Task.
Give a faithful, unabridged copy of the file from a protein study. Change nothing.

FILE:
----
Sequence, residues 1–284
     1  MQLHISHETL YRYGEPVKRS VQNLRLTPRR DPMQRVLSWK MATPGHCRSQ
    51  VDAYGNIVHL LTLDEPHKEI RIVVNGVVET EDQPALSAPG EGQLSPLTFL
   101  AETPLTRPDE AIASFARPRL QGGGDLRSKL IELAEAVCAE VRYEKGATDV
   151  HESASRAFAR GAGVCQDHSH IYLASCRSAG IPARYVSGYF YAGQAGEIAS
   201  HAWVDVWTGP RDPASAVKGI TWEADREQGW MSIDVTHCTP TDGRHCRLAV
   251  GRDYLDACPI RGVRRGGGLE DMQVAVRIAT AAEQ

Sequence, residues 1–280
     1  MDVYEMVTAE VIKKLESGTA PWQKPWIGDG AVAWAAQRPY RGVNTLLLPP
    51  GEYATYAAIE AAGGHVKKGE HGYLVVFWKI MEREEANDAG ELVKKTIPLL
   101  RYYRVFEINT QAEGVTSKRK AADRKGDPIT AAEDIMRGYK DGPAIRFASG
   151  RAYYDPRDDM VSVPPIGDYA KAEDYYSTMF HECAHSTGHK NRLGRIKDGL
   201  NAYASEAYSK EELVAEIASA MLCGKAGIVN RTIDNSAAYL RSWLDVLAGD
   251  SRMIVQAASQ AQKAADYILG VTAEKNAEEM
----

Sequence, residues 1–284
     1  MQLHISHETL YRYGEPVKRS VQNLRLTPRR DPMQRVLSWK MATPGHCRSQ
    51  VDAYGNIVHL LTLDEPHKEI RIVVNGVVET EDQPALSAPG EGQLSPLTFL
   101  AETPLTRPDE AIASFARPRL QGGGDLRSKL IELAEAVCAE VRYEKGATDV
   151  HESASRAFAR GAGVCQDHSH IYLASCRSAG IPARYVSGYF YAGQAGEIAS
   201  HAWVDVWTGP RDPASAVKGI TWEADREQGW MSIDVTHCTP TDGRHCRLAV
   251  GRDYLDACPI RGVRRGGGLE DMQVAVRIAT AAEQ

Sequence, residues 1–280
     1  MDVYEMVTAE VIKKLESGTA PWQKPWIGDG AVAWAAQRPY RGVNTLLLPP
    51  GEYATYAAIE AAGGHVKKGE HGYLVVFWKI MEREEANDAG ELVKKTIPLL
   101  RYYRVFEINT QAEGVTSKRK AADRKGDPIT AAEDIMRGYK DGPAIRFASG
   151  RAYYDPRDDM VSVPPIGDYA KAEDYYSTMF HECAHSTGHK NRLGRIKDGL
   201  NAYASEAYSK EELVAEIASA MLCGKAGIVN RTIDNSAAYL RSWLDVLAGD
   251  SRMIVQAASQ AQKAADYILG VTAEKNAEEM